Depression for vehicle drivers

Discussion in 'UPS Union Issues' started by Mike23, Jun 15, 2009.

  1. Mike23

    Mike23 Guest

    I was curious as to why our union hasn't done much to help those with this condition? I lost a brother in law to suicide in February who worked long haul and read this article If this is the case with long haul, it would stand to reason that UPS drivers might be more prone also? I know the average is 1-5 and that was in 2004. With the recession I'm sure it's more like 1-3 now.

    UPS is also one of the fewer companies out there that fully staffs a night shift. These people tend to have lower serotonin levels which lead to depression. They also work nights which means they tend to not have the benefit of the suns endorphins (

    I realize the the union is not supposed to get involved in management issues, however, I do have a small story about how well UPS handles depression.

    I've had depression since about grade 5 (so most of my life) and have not had a problem (before my brother in laws death) for at least 7 years. I took my meds and it was all good. Depression is usually due to a chemical imbalance for those who are not familiar with it (that's the basic way of explaining it).

    After my brother in law killed himself and my sister found the body I received a phone call at 0630 MST (it would have been around 0830 EST where my family is). My father was on the phone and told me that my brother in law had passed away. We automatically (my gf and I) assumed it was a heart attack since he was a VERY big guy. I later found out he had actually hung himself and my sister was the one that found him.

    This was on a Friday in December. I immediately called my supervisor and told them I couldn't come in to work because of a death in the family. My sups were AMAZING during this time and I hope if they read this that they'll know how thankful I was.

    Here's where the problems start. For this death, UPS treats it like any other. I had FOUR paid days off to fly home (1 day travel), go to the funeral (2 days), and try to comfort my sister (lets throw that in as 1 day). Where's my time to mourn and come to terms with the situation during this time? I also got 2 extra days off without pay (hadn't worked for a year yet so no benefits or option days).

    So, a grand total of about 5 days with my family (2 in travel time) and back to work. My sups were pretty understanding but I began to slip into a MAJOR depression. I was cover driving at the time and began bawling my eyes out on road since it was 1930 and all I wanted was to call my sister to make sure she was ok. Of course I couldn't because I was working. I called my sup and he had someone help me out a bit. I later went to get a note requesting only 8 hour days since anything past that added to stress which adds to depression and suicidal thoughts (again, I was not suicidal, just had the thoughts).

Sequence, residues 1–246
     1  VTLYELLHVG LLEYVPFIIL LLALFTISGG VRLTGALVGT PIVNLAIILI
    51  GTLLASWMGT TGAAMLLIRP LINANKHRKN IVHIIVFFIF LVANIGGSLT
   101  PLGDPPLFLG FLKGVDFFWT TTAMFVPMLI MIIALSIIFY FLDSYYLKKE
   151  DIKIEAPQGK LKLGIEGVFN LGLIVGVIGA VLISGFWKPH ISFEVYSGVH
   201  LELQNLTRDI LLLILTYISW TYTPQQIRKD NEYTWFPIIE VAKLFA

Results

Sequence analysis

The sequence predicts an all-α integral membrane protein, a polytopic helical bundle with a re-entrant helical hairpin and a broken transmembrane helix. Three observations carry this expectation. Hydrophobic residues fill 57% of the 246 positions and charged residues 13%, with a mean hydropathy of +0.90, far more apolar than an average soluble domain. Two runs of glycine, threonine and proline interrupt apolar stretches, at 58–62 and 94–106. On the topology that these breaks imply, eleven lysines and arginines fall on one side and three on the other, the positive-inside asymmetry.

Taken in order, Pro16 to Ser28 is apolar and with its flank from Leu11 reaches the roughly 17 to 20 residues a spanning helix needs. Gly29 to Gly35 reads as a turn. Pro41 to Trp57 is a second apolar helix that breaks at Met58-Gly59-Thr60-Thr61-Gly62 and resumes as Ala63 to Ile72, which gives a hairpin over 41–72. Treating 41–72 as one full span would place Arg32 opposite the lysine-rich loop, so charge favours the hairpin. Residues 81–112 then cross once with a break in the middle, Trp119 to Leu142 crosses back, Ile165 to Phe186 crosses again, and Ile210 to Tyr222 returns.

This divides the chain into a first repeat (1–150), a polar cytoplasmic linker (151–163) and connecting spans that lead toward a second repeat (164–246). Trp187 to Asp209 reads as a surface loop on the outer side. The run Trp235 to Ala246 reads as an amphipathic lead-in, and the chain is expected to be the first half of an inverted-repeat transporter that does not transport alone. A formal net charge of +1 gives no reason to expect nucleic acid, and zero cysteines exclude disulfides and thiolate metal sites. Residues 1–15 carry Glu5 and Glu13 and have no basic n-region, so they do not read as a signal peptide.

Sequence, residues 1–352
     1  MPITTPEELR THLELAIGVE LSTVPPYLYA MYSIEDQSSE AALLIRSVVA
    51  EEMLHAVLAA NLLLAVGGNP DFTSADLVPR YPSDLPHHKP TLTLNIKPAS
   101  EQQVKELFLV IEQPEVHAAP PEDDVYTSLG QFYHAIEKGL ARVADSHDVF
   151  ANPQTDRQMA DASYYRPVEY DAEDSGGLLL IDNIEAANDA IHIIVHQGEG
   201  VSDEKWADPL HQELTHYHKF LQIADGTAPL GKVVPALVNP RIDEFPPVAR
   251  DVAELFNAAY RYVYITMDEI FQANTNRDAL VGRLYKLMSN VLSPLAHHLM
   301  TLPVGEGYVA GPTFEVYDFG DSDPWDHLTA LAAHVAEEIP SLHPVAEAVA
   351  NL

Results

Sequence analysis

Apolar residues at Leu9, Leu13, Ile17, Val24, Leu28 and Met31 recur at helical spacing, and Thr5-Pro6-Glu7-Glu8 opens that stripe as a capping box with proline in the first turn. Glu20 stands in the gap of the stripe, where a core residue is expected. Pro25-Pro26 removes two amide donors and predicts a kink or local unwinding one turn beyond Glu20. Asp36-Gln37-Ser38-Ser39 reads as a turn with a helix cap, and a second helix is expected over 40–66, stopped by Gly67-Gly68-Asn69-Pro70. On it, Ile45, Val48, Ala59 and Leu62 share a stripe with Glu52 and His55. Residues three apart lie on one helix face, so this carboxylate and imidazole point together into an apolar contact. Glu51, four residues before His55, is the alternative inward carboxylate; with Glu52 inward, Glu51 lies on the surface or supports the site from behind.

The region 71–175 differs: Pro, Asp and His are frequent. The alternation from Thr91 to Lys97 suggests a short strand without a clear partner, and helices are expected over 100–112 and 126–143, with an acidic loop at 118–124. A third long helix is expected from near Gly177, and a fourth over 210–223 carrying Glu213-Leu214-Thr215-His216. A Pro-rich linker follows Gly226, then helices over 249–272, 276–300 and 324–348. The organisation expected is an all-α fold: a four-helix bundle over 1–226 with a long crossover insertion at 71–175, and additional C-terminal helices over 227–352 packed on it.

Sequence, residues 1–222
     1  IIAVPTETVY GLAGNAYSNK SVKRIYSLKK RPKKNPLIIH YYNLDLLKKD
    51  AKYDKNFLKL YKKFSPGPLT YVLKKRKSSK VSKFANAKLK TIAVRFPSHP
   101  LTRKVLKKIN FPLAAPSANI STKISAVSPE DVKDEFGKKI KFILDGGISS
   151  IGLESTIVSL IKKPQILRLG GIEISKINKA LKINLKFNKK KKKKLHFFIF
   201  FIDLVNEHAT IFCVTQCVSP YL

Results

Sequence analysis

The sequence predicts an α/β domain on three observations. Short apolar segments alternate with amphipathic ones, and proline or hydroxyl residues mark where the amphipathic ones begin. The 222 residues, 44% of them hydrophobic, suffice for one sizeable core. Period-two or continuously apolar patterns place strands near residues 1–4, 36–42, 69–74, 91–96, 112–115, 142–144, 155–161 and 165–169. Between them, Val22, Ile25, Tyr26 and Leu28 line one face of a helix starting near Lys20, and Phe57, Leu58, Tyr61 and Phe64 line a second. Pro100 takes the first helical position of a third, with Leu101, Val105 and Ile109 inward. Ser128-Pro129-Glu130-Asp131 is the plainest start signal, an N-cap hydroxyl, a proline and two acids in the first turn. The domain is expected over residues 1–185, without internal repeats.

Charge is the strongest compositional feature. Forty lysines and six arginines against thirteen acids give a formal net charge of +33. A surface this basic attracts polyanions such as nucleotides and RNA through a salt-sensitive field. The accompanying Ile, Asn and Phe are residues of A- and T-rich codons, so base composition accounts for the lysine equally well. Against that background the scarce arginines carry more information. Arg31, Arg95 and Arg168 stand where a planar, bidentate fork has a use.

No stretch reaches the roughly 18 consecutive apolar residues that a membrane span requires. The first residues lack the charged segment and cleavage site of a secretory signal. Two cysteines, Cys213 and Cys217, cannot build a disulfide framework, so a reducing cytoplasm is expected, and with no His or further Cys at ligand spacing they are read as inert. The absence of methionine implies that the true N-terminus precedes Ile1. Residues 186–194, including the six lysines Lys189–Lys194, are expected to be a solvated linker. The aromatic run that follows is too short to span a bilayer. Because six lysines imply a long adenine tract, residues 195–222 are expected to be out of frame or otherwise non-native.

Anyways, my depot manager asked why I needed only 8 hour days so I told him. I was then brought into the head of western canada's hr office and told I would be paid Wed, Thurs, Fri and to get paper work filled out (which I did immediately) to reinstate to work.

    This is where it gets cruel and heartless by the big boys in Toronto. I got the paper work filled out then was given more paperwork to fill out and on and on it went for FIVE weeks. Yes, that's 5 weeks without a pay check. I talked to my union in the area and he told me that UPS stance was that it didn't happen at work so therefore they did not need to accomdate me (which they barely did to begin with for the funeral and it was only my immediate sups who had a heart). There was ONE person who tried to have me work 8 hours a day in the depot but someone over her head over rode that. I was also told multiple times by the HR team that UPS had no protocol to follow for this. I was also told by my union guy that, off the record, UPS wanted me to just 'go away and disappear'. I'm wondering how many people in the past, with depression, have actually just 'disappeared' to make it convenient for UPS? I've read of one so far on this website.

    Well, after five weeks of living off my VISA (which does wonders for depression by the way when you don't have an income and are already depressed) I got my doctor to just write I was 100% fit for duty. Of course I wasn't. My sups were nice enough to give me some easy cover routes (again, they have big hearts even if they are a pain in the butt sometimes) until I completely recovered. After a month of duties I went to talk to my HR guy again who informed me someone north of the city I'm in was found driving around without a seatbelt. The situation for his depression was almost identical but since he hasn't dealt with it most of his life he was just hoping to smash into something and die. UPS termed him but then our union fought and had him reinstated with only 1 week suspension. This guy was luckly a long time driver who had benefits so was able to take advantage of them.